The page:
You may find alternative services such as Wise or OFX for international transfers with more transparent fees and - often - a better exchange rate. More on that later.
Things to consider when choosing an international money transfer provider
Not sure how to arrange your international wire? Here are some factors to consider when you’re deciding:
Costs - before you get started make sure you’ve thoroughly read the payment fee schedule. The transfer fee you pay can vary widely depending on how you structure the payment.
Speed - international wires commonly take 3 to 5 days to arrive in the destination account when sent with a traditional bank. Check the delivery times when you arrange your payment.
Exchange rates - compare the exchange rate your bank offers against the mid-market rate you’ll find on Google. It’s common for banks to add extra fees here, so doing a bit of homework and looking at a few alternatives can save you money.
Convenience - check out the options for sending your payment - while many banks let you set things up online or in an app, some still require you to head into a branch in person.
Type of fees for international wire transfers with banks
Singapore banks will charge you in several different ways for an international wire transfer:
Bank sending fee: The bank will charge a fixed fee for each international money transfer that you make. This fee can vary depending on the type of account you have, how you’re making the transfer and the currency you send.
Exchange rate markup fee: A Singapore bank typically offers a worse exchange rate than the base exchange rate, often between two and four percent worse than you might get elsewhere. This is a hidden fee as the bank pockets the difference.
Correspondent bank fee: Third party charges which can be called agent fees, intermediary fees, SWIFT fees or correspondent bank fees. You may not be able to see the exact cost of these charges in advance of confirming your transfer.
Receiving bank fee: Finally, the beneficiary’s bank will probably charge a fee for them to receive the money into their account.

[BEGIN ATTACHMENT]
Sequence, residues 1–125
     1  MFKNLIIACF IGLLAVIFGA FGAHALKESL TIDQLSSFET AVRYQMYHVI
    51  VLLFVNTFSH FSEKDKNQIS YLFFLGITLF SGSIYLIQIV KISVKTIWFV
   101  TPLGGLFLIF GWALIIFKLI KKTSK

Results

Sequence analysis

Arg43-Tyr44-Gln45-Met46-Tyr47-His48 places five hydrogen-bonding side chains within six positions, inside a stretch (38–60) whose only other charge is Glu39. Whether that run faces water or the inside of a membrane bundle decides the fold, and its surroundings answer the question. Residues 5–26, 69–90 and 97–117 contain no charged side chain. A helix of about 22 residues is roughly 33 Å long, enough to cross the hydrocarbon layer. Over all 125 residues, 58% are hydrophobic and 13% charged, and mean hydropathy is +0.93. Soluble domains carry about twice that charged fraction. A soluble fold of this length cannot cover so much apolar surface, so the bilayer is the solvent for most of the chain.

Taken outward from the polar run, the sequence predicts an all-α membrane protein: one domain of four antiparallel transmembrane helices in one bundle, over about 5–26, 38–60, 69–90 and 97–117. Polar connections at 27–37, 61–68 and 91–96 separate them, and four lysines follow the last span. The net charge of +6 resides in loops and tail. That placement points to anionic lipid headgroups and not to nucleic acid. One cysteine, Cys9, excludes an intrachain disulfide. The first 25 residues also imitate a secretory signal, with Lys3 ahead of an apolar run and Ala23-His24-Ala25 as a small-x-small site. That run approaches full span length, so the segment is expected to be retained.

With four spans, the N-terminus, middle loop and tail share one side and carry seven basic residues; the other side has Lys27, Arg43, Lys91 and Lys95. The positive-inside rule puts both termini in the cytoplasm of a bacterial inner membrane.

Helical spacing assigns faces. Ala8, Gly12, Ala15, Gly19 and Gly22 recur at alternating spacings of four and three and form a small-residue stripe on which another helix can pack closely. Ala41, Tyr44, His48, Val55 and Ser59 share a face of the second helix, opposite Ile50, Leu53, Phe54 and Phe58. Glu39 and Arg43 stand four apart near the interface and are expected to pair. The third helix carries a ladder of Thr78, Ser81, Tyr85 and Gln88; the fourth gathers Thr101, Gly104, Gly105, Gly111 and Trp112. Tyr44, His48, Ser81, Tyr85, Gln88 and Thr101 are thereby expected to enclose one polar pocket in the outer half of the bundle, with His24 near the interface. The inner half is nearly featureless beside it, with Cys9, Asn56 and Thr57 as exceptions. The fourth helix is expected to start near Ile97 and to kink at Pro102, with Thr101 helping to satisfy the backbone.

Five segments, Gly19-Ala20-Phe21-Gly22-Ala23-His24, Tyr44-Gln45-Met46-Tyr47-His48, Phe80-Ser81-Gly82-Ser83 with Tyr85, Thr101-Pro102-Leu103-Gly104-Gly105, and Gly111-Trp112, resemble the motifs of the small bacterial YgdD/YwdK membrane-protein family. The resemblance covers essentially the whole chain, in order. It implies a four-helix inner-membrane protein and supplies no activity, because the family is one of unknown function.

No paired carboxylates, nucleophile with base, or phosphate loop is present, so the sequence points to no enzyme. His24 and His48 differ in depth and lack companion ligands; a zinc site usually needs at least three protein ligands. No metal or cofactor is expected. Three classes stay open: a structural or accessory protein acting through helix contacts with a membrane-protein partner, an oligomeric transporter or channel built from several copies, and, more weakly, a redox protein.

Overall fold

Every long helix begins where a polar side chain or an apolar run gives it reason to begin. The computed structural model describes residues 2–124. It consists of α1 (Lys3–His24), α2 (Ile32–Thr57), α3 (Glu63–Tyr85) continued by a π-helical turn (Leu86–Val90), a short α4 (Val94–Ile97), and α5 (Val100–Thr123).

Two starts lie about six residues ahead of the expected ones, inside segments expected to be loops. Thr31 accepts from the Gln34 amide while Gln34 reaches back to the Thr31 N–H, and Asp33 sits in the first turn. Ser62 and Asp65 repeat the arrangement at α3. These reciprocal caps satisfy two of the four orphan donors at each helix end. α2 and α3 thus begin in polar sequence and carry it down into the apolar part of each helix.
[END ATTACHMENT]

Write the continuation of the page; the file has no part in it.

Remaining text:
All of these fees do add up and can mean the beneficiary ends up receiving quite a bit less than you sent them. When we’re comparing fees below, we’ve only included the bank sending fees, as most Singapore banks don’t share the exchange rates they use and the correspondent and receiving bank fees vary so much.
International wire transfer fees for banks in Singapore
Here’s an overview of the typical costs for sending an international wire with 5 large Singapore banks. The exact price you pay may vary based on how you set up your transfer - in branch payments are often more expensive than online transfers for example, and payments made in SGD overseas can also attract further fees.
|Provider||International wire fee|
|DBS||Cable/telex charges: 20 SGD per transaction + handling commission of 5 SGD - 35 SGD + exchange rate markups + applicable third party fees|
|UOB||1/8% of the SGD equivalent of remittance amount (10 SGD - 100 SGD) + cable charges + exchange rate markups + applicable third party fees|
|Bank of China SG||0.125% of the SGD equivalent of remittance amount (10 SGD - 100 SGD) + cable charges (20 SGD for payments to mainland China, 30 SGD per transaction elsewhere) + exchange rate markups + applicable third party fees|
|OCBC||1/8% of the SGD equivalent of remittance amount (10 SGD - 100 SGD) + 20 SGD cable charges + exchange rate markups + applicable third party fees|
No HSBC transfer fee for online payments
Cable fee of 20 SGD + exchange rate markups + applicable third party fees still apply
How to avoid international transfer fees with banks
With charges added into the exchange rates and hard to spot intermediary bank fees, international wire transfers with traditional banks can be costly.
Here are some tips on how you could keep your costs down:
Sending money through your bank’s online or mobile banking service is almost always cheaper than visiting a branch
If you need to send someone a lot of money, using one larger payment can be cheaper than sending several small transfers, thanks to the fixed transfer fees that apply
If you can, use a specialist international payment provider. You’ll be able to make your payment online or in an app for convenience, and can often find lower costs and a better exchange rate compared to a regular bank